The CHTS exams were designed to assess the competency of health IT professionals who will be instrumental in the transition to electronic health records (EHRs). The six CHTS exams were developed according to industry best practices, and are valid, reliable, and legally defensible assessment instruments.
The CHTS Competency/Role Teams (CRTs) are comprised of experienced health IT leaders, practitioners, and educators representing the six health IT workforce roles on which the exams are based. CRT member responsibilities include participating in the job analyses, reviewing content relevancy, item-level and exam-level performance data, and participating in standard setting exercises.
Comprehensive job analyses were conducted for each of the six workforce roles. Diverse panels of SMEs were convened to establish the provisional knowledge, skills, and abilities (KSAs) for each role. SMEs later created a crosswalk mapping these KSAs to the core curriculum component learning objectives (from the HITECH Community College Consortia Workforce Development program) for each role.
When developing the exam blueprints and specifications, items are selected for inclusion on the CHTS exams based on how their content maps back to, or measures, a core curriculum component learning objective and / or a task delineated from the job analysis for that respective HIT Workforce role. In the exam blueprints, the domains, which represent specific content areas tested on the exams, are comprised of the core curriculum components for that role. Additionally, the competency statements are comprised of the corresponding curriculum learning objectives.
All items used on each CHTS examination are created, reviewed, revised, and ultimately approved by item writers and item reviewers who are health IT subject matter experts (SMEs). These item writers receive extensive training in item writing best practices prior to creating any raw test items.
All draft items undergo a continuous review and revision process, where they are evaluated by SMEs on content accuracy and conformity to the item writing guidelines. Items are also reviewed for linkage or correspondence with a learning objective from a core curriculum component for that respective HIT Workforce role.
Ongoing item management occurs through a continuous process of statistical analysis to ensure items are performing as expected. Poorly performing scored items are replaced with experimental items which meet or exceed our performance criteria. This replacement item must be comparable to the item it is replacing with regards to item difficulty and content assignment. Poorly performing items may be salvaged and improved through item revision, review, and approval.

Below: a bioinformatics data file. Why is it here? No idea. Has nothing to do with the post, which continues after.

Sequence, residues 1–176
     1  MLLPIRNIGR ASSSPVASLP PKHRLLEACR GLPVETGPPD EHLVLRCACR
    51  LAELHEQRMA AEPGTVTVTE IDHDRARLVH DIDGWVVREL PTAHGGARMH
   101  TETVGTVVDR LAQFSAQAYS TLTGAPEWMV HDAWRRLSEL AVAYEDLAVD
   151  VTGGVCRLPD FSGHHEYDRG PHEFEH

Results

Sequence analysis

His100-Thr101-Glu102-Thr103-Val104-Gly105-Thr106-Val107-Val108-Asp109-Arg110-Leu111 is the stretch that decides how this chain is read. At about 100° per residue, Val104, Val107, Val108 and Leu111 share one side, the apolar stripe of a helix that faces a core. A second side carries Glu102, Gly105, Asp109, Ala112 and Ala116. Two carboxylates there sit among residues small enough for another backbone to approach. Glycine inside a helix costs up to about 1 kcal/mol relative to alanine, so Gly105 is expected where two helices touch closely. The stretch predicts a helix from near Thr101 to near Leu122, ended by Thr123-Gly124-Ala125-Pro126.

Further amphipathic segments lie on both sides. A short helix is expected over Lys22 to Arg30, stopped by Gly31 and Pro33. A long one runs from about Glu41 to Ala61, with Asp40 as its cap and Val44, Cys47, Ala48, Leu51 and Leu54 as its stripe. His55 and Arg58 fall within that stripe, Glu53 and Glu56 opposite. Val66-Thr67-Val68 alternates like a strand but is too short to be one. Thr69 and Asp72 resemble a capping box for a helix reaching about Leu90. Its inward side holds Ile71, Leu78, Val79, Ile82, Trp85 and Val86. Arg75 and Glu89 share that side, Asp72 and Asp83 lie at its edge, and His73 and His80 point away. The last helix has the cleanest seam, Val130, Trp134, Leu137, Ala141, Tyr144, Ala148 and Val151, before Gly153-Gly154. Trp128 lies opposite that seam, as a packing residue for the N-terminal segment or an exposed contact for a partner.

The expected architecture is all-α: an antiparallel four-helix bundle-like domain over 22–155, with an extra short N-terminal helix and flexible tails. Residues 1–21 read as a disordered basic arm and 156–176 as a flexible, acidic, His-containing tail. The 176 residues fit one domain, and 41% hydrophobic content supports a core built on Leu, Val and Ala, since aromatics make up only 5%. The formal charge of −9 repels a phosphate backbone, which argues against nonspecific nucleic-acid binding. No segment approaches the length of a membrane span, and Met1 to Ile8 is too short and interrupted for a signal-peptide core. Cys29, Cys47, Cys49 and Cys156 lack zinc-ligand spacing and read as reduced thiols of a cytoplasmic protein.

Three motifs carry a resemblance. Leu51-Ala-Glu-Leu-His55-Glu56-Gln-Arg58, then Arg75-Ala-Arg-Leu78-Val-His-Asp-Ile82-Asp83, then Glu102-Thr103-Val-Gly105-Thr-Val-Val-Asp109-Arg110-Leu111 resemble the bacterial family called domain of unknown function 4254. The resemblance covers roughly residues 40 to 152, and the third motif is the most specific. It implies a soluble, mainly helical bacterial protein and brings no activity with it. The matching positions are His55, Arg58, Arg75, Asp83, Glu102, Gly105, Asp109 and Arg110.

Psychometric analysis of item and exam performance is conducted on a continuous basis. This data is used to determine the cut score, or passing standard, using a widely-accepted, best-practice methodology, such as the Modified Angoff method.
The passing scores for each of the CHTS exams were determined by a panel of SMEs, including educators and practitioners, who participated in standard setting studies. These standard setting studies were convened to establish the operational definition of the minimally competent candidate, which is used to determine the passing or cut score. A candidate’s performance on an exam which meets or exceeds this cut score will be deemed competent to serve in the relevant workforce role.
To determine an exam’s cut score, the SME panels first defined the minimally qualified candidate. Then, panelists practiced rating exam items for difficulty with respect to their estimation of the proportion of minimally qualified candidates who would answer each item correctly. Panelists then reviewed the entire exam individually and applied the same item evaluation process. The group’s ratings were then averaged across raters and summed to reach the cut score recommendation.
The current passing scaled score for all CHTS exams is 500 out of 600. A scaled score is a mathematical conversion of a raw score (number of questions answered correctly). The scaled score is determined by converting the number of questions answered correctly to a scaled score ranging from 300-600. Candidates need a minimum scaled score of 500 to pass a CHTS exams.
Below are the pass rates for the beta cohort (those testing before the launch of the live exams with immediate scoring):
# of Test Takers in Beta Cohort
Pass Rate of Beta Cohort
May 20, 2011 – October 17, 2011
May 20, 2011 – October 2, 2011
May 20, 2011 – September 29, 2011
May 20, 2011 – October 6, 2011
May 20, 2011 – October 11, 2011
22 industry stakeholders have been appointed to serve on the CHTS Advisory Council, which is responsible for advising the CHTS exams development team and endorsing the examination blueprints, specifications, and passing standard(s). Advisory Council members bring unique perspectives to the group, as they are affiliated with primary and supporting grant partners, the Curriculum Development Centers, the Community College Consortium, Regional Extension Centers, the Department of Labor, and other industry/employer stakeholder entities.